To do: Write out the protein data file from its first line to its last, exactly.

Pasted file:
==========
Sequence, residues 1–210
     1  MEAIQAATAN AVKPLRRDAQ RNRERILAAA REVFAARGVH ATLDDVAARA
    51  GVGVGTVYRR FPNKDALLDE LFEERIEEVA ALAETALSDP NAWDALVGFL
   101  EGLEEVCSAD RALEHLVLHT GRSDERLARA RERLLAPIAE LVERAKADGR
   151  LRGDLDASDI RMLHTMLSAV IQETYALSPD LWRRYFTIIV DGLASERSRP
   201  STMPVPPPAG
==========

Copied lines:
Sequence, residues 1–210
     1  MEAIQAATAN AVKPLRRDAQ RNRERILAAA REVFAARGVH ATLDDVAARA
    51  GVGVGTVYRR FPNKDALLDE LFEERIEEVA ALAETALSDP NAWDALVGFL
   101  EGLEEVCSAD RALEHLVLHT GRSDERLARA RERLLAPIAE LVERAKADGR
   151  LRGDLDASDI RMLHTMLSAV IQETYALSPD LWRRYFTIIV DGLASERSRP
   201  STMPVPPPAG